Malaysiakini
OPINIONS

COMMENT | A new 'China shock'

Mark Leonard

Published
Modified 1 Apr 2021, 11:35 pm

COMMENT | Some months ago, the Chinese authorities approached some of the biggest foreign companies in the country and asked them to tap a representative to participate in a small closed-door gathering on China’s new economic strategy. 

The meeting was to be with a senior official at an undisclosed time and location, and, according to two people with direct knowledge of the matter who insisted on anonymity to discuss it, companies were asked to send only ethnic Chinese representatives.

In both content and form, the episode captured China’s eagerness to make its economy more recognisably Chinese, developing its own technologies and energy sources while relying on domestic consumption rather than on foreign demand.

Chinese President Xi Jinping’s new strategy centres on the concept of “dual circulation.” Behind the technical-sounding phrase lies an idea that could change the global economic order. Instead of operating as a single economy that is linked to the world through trade and investment, China is fashioning itself into a bifurcated economy.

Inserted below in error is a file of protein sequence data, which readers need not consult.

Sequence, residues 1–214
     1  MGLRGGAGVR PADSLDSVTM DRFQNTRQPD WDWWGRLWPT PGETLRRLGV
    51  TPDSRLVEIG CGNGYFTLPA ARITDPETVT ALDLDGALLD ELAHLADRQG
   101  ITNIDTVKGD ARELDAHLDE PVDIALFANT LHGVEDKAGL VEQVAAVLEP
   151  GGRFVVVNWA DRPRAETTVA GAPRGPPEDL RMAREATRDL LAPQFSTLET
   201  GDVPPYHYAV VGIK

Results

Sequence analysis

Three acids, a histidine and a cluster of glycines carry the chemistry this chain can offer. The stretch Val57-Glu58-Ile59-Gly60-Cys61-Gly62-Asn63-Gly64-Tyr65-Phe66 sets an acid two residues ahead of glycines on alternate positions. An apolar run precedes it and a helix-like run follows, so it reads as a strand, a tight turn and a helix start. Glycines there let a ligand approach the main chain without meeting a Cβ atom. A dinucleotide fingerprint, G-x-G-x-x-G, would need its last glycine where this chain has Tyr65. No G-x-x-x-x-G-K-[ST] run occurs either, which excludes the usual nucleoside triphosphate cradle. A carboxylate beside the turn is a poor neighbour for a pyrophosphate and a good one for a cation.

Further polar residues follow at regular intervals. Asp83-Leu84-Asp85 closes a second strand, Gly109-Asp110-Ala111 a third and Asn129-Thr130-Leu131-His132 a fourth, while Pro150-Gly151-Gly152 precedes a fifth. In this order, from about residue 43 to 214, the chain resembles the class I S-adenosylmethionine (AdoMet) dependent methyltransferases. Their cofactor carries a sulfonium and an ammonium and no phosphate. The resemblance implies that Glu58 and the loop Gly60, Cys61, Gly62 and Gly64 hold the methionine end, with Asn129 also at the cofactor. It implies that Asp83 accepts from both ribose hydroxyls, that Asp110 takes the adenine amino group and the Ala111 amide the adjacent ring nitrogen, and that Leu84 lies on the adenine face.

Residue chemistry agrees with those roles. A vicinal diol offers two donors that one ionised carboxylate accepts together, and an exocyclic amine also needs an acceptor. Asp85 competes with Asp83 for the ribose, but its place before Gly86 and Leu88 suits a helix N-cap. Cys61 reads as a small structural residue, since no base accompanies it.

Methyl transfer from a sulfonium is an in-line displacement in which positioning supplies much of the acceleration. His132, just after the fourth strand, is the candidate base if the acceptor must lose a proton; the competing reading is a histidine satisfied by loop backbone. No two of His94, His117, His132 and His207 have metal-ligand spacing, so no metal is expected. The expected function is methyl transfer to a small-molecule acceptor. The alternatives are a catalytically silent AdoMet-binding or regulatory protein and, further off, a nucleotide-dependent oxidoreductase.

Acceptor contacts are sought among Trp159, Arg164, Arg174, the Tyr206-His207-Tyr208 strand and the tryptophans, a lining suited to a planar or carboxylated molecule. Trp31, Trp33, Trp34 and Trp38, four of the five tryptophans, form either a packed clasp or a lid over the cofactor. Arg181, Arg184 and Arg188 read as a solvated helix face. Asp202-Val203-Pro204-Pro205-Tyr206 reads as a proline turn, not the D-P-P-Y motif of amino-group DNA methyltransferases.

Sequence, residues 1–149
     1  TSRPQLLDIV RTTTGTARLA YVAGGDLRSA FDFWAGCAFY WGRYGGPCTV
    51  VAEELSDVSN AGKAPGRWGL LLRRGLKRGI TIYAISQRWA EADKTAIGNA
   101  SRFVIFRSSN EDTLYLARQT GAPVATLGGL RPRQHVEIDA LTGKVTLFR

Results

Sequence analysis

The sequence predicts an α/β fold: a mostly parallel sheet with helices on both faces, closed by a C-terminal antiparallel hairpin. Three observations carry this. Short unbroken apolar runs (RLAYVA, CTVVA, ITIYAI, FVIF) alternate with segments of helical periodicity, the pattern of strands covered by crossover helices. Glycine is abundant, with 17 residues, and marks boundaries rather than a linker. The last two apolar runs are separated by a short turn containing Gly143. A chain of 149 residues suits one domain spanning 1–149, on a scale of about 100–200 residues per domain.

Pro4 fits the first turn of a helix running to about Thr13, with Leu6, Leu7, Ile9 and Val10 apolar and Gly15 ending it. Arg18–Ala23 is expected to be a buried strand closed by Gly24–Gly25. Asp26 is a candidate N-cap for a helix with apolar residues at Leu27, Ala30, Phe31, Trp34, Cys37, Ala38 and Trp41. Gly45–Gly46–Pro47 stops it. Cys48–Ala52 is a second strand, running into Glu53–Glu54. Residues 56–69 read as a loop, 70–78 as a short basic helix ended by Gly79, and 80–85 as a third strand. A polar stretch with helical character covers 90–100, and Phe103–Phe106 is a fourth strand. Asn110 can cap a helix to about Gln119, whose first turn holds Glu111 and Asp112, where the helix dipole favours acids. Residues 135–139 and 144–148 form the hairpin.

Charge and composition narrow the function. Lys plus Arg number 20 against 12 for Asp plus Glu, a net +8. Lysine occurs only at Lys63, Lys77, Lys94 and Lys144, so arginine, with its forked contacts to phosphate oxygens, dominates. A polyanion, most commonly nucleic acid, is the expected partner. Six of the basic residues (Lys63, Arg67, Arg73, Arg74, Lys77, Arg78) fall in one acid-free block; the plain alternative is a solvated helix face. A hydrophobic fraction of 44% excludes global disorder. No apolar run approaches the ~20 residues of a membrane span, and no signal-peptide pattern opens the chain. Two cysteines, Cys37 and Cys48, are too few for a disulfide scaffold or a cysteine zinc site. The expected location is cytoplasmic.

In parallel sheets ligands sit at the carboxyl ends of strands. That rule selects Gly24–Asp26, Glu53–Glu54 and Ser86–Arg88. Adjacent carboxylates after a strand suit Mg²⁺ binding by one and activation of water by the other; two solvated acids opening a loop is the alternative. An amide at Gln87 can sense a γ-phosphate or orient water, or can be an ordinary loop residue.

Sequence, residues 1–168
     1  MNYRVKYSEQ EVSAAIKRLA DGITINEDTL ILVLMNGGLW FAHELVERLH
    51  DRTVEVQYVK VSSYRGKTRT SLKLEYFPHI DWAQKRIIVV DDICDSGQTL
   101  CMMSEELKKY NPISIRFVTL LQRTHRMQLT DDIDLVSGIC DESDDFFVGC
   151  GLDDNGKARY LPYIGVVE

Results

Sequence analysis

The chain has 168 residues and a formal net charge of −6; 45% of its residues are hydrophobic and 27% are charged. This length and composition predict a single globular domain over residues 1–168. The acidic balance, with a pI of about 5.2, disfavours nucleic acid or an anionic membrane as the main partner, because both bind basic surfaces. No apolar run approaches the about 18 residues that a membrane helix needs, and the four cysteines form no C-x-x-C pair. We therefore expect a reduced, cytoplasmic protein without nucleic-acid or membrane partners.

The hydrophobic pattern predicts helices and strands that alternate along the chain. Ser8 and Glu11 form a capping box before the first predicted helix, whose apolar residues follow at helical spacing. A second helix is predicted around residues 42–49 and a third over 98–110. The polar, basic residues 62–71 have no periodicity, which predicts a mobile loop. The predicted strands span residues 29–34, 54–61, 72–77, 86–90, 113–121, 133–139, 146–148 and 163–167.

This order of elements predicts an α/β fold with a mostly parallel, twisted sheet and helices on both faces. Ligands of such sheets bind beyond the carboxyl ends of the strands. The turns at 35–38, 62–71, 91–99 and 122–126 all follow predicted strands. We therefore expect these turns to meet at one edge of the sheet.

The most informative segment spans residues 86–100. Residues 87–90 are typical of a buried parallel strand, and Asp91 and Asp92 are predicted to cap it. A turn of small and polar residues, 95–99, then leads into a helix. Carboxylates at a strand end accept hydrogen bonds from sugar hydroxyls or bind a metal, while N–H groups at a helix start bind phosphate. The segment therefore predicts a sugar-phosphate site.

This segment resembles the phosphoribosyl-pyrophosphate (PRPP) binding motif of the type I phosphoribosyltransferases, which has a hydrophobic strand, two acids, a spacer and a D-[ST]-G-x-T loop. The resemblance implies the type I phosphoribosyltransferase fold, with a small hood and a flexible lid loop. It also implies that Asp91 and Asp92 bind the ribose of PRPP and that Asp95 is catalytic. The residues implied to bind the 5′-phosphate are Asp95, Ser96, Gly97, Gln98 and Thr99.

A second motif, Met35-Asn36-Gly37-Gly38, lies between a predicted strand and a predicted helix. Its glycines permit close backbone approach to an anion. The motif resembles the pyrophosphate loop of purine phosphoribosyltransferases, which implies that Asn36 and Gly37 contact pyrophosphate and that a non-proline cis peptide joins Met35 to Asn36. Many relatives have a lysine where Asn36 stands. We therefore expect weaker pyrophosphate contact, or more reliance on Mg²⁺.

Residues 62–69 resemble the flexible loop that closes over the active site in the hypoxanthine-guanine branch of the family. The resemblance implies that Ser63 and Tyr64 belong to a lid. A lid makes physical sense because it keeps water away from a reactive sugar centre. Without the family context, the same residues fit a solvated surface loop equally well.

One realm (“external circulation”) will remain in contact with the rest of the world, but it will gradually be overshadowed by another one (“internal circulation”) that will cultivate domestic demand, capital and ideas.

The purpose of dual circulation is to make China more self-reliant. After previously basing China’s development on export-led growth, policymakers are trying to diversify the country’s supply chains so that it can access technology and know-how without being bullied by the United States. In doing so, China will also seek to make other countries more dependent on it, thereby converting its external economic links into global political power.

The shift to a dual-circulation strategy raises the spectre of a new “China shock” that could dwarf the impact of the first one, which struck Western economies after China’s accession to the World Trade Organisation in 2001.

Although China’s inclusion in the WTO generated a huge amount of wealth and lifted millions of Chinese out of poverty, it also created losers in places ... 

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